A community of values
The idea is spreading.
Recently we asked whether the answer to the desperate plight of Zimbabwe's people, and other people around the world, "was an alliance of countries which share the same principles, and are willing to act."
Other people have been writing about the idea, and some countries have put a short-term alliance into action when faced with an emergency. While the UN was dithering, the US Navy and the Royal Australian Navy worked together to rush food and water to people devastated by the tsunami. Japan provided support as well.
Today the Wall Street Journal published the first leader we have seen by owner Rupert Murdoch on the same subject. Murdoch, who was born in Australia and educated in Britain, is concerned about defending Western values and freedom -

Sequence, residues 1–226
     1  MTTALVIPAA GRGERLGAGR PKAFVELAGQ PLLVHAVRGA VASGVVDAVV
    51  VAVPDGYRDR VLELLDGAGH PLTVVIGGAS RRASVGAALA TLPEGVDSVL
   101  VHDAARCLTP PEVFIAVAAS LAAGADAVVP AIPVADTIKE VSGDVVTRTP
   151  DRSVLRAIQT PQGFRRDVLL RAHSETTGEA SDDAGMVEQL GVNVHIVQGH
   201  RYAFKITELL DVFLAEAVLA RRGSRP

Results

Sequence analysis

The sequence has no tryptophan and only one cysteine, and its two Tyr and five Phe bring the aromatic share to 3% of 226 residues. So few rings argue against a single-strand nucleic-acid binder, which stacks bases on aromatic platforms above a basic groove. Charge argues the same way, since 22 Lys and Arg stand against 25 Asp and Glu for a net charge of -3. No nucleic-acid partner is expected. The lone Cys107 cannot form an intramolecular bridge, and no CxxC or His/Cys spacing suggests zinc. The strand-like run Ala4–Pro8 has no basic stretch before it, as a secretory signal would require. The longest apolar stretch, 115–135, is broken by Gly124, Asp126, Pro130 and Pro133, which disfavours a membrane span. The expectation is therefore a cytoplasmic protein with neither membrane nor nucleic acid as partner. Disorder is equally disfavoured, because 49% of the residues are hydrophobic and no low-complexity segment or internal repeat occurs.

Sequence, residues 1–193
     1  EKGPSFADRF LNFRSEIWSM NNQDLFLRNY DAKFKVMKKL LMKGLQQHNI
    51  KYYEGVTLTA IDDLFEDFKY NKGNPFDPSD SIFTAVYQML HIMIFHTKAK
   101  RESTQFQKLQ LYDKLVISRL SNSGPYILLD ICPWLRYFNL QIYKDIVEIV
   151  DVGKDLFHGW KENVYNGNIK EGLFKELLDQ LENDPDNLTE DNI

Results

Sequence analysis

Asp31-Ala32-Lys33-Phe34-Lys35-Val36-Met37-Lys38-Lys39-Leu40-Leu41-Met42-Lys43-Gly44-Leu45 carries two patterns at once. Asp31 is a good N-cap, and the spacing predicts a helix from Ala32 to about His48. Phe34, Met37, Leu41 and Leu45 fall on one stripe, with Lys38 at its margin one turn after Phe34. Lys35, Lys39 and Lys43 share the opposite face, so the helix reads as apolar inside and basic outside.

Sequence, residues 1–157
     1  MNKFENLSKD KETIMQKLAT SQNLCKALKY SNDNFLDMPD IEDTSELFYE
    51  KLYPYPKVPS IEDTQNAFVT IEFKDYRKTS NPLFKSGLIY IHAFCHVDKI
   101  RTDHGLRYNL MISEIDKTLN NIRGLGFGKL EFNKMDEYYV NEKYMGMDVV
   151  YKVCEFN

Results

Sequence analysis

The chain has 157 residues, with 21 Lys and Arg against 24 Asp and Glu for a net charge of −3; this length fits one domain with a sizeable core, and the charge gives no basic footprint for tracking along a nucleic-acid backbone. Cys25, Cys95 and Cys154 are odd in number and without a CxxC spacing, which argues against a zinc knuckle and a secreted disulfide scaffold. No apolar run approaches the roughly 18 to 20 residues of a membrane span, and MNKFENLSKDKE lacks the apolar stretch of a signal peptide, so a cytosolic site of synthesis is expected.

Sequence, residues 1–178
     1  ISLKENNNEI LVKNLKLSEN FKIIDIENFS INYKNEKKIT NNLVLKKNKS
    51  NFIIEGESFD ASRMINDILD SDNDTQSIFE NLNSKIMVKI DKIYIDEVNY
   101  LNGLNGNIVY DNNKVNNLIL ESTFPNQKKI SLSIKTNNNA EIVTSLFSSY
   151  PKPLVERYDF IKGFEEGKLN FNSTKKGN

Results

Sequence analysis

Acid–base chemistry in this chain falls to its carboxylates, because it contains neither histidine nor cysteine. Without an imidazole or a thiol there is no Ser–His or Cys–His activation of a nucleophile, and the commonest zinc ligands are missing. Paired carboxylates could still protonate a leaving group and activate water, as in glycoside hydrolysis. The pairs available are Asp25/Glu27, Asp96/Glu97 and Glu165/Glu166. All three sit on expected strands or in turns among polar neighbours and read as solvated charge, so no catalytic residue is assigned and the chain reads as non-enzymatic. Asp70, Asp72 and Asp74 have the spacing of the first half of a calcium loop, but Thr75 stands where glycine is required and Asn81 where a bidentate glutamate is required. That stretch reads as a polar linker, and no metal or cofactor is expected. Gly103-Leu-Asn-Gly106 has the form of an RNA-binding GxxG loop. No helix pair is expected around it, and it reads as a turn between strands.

In the aftermath of World War II, statesmen on both sides of the Atlantic recognized that the defense of freedom would require the active engagement of a new generation of leaders. The result was the Atlantic alliance. In the six decades that followed, this alliance helped the West prevail against Soviet communism and ensured the advance of democracy from the Atlantic to the Urals. . .
In other words, a strong and successful Atlantic alliance will have to ground itself more on shared principles rather than accident of geography. And we need to show we are serious about defending those principles by standing with those who are standing up for them.
He concludes that an alliance "defined by a community of values, institutions and a willingness to act jointly" could be "a bastion for freedom".
Update: We have just learned via Instapundit and the Associated Press that "The Bush administration is intervening with governments in southern Africa to prevent a Chinese ship carrying weapons for Zimbabwe's security forces from unloading its cargo."
That is another example of the work an alliance could handle - as long as decision-making was governed by principle and was streamlined.